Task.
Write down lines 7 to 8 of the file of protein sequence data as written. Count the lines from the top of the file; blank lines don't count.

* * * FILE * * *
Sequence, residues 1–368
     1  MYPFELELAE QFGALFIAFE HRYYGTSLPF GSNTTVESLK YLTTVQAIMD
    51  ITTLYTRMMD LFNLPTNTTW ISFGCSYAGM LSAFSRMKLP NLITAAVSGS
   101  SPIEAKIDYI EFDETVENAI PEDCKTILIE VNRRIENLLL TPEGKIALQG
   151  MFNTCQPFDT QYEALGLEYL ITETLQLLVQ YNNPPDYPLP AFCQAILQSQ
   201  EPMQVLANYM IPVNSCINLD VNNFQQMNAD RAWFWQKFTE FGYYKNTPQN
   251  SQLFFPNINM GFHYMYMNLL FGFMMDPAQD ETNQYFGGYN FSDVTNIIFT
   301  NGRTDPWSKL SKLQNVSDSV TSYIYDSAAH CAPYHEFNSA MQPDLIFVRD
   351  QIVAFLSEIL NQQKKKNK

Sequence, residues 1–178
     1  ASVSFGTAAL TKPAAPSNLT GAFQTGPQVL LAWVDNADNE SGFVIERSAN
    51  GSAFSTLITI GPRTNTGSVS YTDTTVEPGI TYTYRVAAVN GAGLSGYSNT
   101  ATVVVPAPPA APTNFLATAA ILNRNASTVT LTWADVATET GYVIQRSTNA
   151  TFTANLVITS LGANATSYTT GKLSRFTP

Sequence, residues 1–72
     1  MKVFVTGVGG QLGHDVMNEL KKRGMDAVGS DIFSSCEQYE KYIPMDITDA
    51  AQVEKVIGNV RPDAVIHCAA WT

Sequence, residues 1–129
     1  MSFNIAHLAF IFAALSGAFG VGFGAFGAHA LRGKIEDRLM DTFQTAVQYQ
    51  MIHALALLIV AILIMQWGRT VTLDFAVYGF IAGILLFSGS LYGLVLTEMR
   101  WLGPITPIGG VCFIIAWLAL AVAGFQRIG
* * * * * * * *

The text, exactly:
   251  SQLFFPNINM GFHYMYMNLL FGFMMDPAQD ETNQYFGGYN FSDVTNIIFT
   301  NGRTDPWSKL SKLQNVSDSV TSYIYDSAAH CAPYHEFNSA MQPDLIFVRD